• Nancy Demand: Did Knidos really move? The literary and epigraphical evidence. In: California studies in classical antiquity 20.2 = Classical antiquity 8.2, 1989, pp. 224-237.
  • Hansgeorg Bankel: Knidos. New research in the urban area. In: Nürnberger Blätter to archeology . 6, Nuremberg 1991, p. 17 ff.
  • Wolfgang Blümel : The inscriptions of Knidos. Volume 1. (= inscriptions of Greek cities from Asia Minor . Volume 41). Bonn, Habelt 1992, ISBN 3-7749-2474-0 .
  • Hansgeorg Bankel: Knidos. The Hellenistic round temple and its altar. In: Archäologischer Anzeiger . 1997, pp. 51-71.
  • Hansgeorg Bankel: Scamilli impares at an Early Hellenistic Ionic Propylon at Knidos. In: Lothar Haselberger (Ed.): Appearance and Essence. Refinements of Classical Architecture. Curvature, Philadelphia 1999, pp. 127-138. Review: Margaret M. Miles, in: Journal of the Society of Architectural Historians. 60,1, 2001, p. 84 f.
  • Christine Bruns-Özgan: Knidos. A guide through the ruins. Konya 2002, ISBN 975-97981-0-7 .
  • Dietrich Berges : Archaic finds from Old Knidos. In: Istanbul communications . 52, 2002, pp. 99-164.
  • Mustafa Şahin: Hellenistic braziers with figuratively decorated attaches from Knidos (= Knidos studies. Volume III). Bibliopolis, Paderborn 2003, ISBN 3-933925-08-8 .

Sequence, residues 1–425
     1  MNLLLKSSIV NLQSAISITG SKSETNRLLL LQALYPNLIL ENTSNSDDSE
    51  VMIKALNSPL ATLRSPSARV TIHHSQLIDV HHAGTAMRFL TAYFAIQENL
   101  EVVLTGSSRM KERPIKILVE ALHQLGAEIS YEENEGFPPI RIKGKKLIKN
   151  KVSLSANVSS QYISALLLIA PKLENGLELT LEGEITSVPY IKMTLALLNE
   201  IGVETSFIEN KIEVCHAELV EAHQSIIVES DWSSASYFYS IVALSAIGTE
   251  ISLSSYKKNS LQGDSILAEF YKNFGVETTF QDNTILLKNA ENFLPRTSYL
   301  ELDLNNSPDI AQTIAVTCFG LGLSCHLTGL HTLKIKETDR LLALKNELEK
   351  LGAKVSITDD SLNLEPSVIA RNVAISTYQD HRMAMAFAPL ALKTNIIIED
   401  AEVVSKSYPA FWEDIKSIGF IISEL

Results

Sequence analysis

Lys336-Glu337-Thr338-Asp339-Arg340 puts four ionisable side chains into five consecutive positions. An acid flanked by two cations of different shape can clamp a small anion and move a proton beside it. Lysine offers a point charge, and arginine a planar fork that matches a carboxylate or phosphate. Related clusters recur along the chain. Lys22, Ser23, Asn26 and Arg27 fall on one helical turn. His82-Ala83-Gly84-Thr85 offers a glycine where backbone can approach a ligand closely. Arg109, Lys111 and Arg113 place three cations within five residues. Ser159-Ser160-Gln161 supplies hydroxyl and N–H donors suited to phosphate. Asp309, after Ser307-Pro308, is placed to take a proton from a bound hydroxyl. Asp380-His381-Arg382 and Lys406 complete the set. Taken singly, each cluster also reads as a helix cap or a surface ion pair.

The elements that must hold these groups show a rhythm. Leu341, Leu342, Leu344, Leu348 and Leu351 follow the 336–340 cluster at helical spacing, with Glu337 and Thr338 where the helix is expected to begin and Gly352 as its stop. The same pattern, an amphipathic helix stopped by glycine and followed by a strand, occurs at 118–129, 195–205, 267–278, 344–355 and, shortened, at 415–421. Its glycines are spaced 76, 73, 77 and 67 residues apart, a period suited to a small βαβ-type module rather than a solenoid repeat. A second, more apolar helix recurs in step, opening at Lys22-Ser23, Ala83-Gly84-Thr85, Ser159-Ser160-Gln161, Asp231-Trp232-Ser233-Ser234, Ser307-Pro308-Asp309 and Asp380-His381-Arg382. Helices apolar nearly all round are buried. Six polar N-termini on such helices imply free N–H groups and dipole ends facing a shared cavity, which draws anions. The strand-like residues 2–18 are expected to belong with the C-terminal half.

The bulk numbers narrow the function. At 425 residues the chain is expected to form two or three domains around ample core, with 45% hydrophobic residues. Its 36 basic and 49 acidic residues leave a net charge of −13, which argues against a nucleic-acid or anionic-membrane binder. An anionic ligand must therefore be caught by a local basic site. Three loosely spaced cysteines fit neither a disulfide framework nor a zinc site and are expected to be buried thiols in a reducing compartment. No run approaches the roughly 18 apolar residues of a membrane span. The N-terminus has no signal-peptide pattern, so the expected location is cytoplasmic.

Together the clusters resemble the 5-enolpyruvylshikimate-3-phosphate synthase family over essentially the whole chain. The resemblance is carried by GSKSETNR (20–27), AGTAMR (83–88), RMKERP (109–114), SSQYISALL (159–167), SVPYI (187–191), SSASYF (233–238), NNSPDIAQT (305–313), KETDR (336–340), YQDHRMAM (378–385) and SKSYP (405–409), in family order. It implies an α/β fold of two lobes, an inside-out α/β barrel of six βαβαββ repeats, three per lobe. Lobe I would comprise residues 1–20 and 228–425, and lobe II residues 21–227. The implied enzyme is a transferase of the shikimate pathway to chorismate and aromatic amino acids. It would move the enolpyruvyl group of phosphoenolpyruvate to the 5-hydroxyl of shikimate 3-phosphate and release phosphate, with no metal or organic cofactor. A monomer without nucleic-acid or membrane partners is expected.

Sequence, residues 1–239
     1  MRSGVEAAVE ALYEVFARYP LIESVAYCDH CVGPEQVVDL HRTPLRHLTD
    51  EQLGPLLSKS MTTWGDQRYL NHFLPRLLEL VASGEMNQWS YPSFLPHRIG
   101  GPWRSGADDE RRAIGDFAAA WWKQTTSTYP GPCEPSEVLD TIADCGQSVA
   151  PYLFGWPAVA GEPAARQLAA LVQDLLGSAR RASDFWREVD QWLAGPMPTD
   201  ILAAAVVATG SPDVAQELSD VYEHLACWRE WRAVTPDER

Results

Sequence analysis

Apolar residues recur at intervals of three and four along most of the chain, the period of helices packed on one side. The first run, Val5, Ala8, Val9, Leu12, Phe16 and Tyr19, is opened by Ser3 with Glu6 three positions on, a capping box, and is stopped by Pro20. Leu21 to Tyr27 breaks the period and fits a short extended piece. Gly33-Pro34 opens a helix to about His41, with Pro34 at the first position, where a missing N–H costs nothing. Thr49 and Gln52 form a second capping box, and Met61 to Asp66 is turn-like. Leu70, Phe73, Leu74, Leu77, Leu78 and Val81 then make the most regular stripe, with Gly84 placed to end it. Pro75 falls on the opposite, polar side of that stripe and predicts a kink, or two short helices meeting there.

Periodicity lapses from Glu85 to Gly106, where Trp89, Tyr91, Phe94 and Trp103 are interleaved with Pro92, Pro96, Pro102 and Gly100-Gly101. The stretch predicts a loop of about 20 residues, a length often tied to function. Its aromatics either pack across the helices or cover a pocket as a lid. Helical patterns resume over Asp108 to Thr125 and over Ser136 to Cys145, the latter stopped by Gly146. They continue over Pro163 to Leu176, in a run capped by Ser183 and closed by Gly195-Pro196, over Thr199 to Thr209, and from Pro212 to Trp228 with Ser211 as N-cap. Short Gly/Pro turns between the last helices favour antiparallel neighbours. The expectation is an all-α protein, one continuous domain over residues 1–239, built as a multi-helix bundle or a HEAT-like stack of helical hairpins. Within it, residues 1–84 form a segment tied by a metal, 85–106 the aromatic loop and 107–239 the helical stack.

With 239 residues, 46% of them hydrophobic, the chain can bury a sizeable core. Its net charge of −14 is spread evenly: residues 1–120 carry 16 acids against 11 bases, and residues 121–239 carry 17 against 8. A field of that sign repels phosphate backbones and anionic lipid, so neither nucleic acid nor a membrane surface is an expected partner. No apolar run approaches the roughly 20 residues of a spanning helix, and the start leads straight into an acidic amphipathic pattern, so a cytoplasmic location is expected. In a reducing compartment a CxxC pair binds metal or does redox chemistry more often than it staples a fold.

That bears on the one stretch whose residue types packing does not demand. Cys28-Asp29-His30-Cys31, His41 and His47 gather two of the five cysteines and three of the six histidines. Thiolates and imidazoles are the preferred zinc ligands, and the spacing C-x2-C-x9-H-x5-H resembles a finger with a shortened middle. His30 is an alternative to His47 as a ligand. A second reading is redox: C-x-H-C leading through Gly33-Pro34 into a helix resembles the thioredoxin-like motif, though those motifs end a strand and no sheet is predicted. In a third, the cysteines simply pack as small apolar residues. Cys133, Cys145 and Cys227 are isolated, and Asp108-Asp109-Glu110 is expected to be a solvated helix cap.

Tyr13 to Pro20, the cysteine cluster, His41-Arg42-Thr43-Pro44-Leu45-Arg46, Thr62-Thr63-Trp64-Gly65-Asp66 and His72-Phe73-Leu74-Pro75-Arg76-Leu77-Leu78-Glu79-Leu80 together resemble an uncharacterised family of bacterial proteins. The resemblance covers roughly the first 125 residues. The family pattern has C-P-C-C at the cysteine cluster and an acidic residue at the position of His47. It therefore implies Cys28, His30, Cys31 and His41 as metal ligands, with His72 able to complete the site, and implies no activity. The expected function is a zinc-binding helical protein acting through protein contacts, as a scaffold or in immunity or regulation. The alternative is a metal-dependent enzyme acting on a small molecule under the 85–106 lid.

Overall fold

• Hansgeorg Bankel: Knidos. The Triopion. On the topography of the tribal shrine of the Doric Hexapolis. In: Ernst-Ludwig Schwandner, Klaus Rheidt (ed.): Power of architecture - architecture of power (= discussions on archaeological building research. Volume 8). Zabern, Mainz 2004, ISBN 3-8053-3382-X , pp. 100-113.
  • Dietrich Berges: Knidos. Contributions to the history of the archaic city. Zabern, Mainz 2006, ISBN 978-3-8053-3457-0 .
  • Hansgeorg Bankel, Stefan Franz, Valentina Hinz: Greek architecture digital three-dimensional: a “working model” of the shrines on the western edge of Knidos and a polychrome model of the temple of Aphaia in Aegina. In: Alexandra Riedel, K. Heine, F. Henze (eds.): From hand measurement to high tech. Volume 2: Modeling, structuring, presenting . Zabern, Darmstadt 2006, ISBN 978-3-8053-3754-0 , pp. 242-251.

Web links

Commons : Knidos  - collection of images, videos and audio files

Coordinates: 36 ° 41 ′ 9 ″  N , 27 ° 22 ′ 30 ″  E